Premiums paid by an individual to a local life insurance company for a policy on the life of the individual and/or his or her spouse and children Lower of 1/10 of assessable income and XCD8000
Premiums paid by an individual to a life insurance company not doing business in St. Lucia Lower of 1/20 of assessable income and XCD3000 (b)
Shares in a cooperative XCD5000 (c)
Shares in a public company XCD5000 (c)
Student loan interest XCD3000
Mortgage interest Up to XCD18000 (d)
Home insurance All evidenced premiums
Land tax All evidenced tax paid
Gifts for certain approved purposes 25% of assessable income (e)
Medical expenses XCD400

a) This allowance can range from XCD1,000 to XCD5,000, depending on whether the child is over the age of 10 years and on whether than child is a university student during the income year.

b) This deduction is allowed with respect to 50% of the premiums paid.

c) A deduction is allowed based on the value of the shares, up to a maximum of XCD5,000.

d) This deduction is allowed with respect to an owner-occupied dwelling house only.

e) This deduction is allowed with respect to deeds of covenant to religious, charitable, medical, sporting or educational institutions or bodies.

Nonresidents may not claim the above deductions and allowances.

Business deductions. Any expenses incurred wholly and exclu­sively for the purpose of producing taxable business income are deductible.

Rates. The following tax rates apply to taxable income for 2016.

Taxable income Tax on lower Rate on
Exceeding Not exceeding amount excess
0 10,000 0 10
10,000 20,000 1,000 15
20,000 30,000 3,000 20
30,000 6,000 30


Nonresidents are taxed at the same rates as residents except for interest, royalties and management fees, which are subject to withholding taxes (see Investment income).

Relief for losses. Business losses may be carried forward six years and offset against income arising in those years. The offset is restricted to 50% of chargeable income. Losses may not be carried back.

Other taxes

Stamp duty. Stamp duty is levied on all transfers of real estate, personal property and shares, except for shares traded on the St. Lucia securities exchange.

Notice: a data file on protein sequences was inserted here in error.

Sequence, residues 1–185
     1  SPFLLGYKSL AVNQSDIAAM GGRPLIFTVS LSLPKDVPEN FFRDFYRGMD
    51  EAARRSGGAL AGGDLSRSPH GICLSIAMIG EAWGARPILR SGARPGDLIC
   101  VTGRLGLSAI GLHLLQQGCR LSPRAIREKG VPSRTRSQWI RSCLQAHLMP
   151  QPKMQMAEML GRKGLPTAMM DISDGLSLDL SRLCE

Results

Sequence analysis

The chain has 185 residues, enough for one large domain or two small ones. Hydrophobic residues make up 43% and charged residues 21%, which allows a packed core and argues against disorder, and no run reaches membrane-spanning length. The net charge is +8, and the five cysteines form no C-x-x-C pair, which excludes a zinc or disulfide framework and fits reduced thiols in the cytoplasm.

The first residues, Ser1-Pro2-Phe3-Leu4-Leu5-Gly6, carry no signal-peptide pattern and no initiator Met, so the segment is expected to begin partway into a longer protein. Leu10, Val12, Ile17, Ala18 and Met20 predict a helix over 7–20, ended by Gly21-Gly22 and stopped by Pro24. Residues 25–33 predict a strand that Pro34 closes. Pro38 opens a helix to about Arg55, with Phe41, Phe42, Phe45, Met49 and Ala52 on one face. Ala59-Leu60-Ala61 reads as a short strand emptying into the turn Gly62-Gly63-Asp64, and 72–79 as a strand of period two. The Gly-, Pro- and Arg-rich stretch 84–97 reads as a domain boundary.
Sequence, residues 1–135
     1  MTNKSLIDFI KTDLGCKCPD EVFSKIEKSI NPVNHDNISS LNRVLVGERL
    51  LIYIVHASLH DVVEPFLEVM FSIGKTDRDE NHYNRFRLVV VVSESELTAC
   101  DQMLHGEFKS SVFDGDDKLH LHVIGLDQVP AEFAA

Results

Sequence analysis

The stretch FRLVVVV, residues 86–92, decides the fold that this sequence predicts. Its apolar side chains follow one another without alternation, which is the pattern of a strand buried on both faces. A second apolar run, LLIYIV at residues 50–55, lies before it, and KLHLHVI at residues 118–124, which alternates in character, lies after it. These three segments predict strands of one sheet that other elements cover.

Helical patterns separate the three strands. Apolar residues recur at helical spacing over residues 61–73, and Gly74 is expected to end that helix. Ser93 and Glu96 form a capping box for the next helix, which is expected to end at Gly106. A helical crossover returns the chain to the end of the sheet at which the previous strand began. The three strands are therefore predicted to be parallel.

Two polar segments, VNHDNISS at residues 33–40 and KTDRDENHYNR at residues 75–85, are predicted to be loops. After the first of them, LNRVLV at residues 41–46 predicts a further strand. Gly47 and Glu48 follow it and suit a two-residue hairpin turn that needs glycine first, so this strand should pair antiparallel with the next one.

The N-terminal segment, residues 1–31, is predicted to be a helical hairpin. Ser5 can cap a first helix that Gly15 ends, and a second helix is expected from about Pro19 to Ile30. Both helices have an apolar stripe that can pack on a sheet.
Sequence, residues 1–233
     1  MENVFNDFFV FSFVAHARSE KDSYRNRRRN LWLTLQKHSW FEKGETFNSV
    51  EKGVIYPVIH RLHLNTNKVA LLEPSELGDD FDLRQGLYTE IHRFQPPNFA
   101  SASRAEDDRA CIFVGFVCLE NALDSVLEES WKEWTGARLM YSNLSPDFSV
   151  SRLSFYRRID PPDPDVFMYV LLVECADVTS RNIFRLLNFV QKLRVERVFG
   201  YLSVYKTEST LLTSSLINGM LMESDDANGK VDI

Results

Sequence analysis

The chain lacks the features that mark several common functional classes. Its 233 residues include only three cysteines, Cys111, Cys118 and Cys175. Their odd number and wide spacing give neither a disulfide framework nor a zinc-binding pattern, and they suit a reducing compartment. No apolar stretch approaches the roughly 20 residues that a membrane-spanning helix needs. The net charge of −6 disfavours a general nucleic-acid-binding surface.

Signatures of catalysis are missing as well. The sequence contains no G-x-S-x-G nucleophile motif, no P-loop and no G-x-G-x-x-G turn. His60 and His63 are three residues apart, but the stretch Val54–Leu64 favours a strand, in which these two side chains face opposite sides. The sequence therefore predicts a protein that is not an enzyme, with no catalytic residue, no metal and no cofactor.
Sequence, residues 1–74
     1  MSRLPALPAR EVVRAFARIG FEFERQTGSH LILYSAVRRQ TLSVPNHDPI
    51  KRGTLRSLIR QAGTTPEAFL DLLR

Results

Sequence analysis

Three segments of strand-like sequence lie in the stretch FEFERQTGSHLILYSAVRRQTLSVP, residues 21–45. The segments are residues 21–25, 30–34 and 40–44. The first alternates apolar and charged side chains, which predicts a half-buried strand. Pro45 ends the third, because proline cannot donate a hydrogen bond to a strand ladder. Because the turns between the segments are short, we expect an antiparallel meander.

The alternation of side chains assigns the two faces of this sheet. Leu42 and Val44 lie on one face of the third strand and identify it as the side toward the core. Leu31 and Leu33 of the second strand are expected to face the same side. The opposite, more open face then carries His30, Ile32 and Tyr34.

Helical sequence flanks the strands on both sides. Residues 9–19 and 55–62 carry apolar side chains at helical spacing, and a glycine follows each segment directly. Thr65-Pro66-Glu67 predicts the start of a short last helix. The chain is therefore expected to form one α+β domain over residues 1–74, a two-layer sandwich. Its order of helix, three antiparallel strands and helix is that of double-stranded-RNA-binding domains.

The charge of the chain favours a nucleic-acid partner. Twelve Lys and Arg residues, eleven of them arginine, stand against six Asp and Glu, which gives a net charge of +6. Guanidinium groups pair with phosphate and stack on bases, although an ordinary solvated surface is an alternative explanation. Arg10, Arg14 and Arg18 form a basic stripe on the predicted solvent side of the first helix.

For real estate transfers by citizens of St. Lucia or a local com­pany, the following are the stamp duty rates:

  • 2% of the value of the property is payable by the purchaser.
  • 5% of the value of the property is payable by the vendor if the value is from XCD50,000 to XCD75,000.
  • 5% is payable by the vendor on property valued from XCD75,001 to XCD150,000.
  • 5% is payable by the vendor on property valued over XCD150,000.

For real estate transfers by non-citizens or foreign companies, the following are the stamp duty rates:

  • 10% of the value of the property is payable by the foreign vendor.
  • 2% of the value of the property is payable by the purchaser.

The transfer of personal property is subject to stamp duty of 2% of the value of the property. The transfer of shares is subject to stamp duty at a rate of 0.5% of the total net assets of the company.

Estate and gift tax. St. Lucia does not levy estate and gift tax.

Social security

Contributions. Contributions to the national insurance scheme must be made at the following rates on maximum monthly insur­able earnings of XCD5,000:

  • Employees: 5%
  • Employers: 5%
  • Self-employed persons: 10%

Totalization agreements. St. Lucia has entered into social security totalization agreements with Canada and the Caribbean Community and Common Market (CARICOM) to provide relief from double social security taxes and to assure benefit coverage.

Tax filing and payment procedures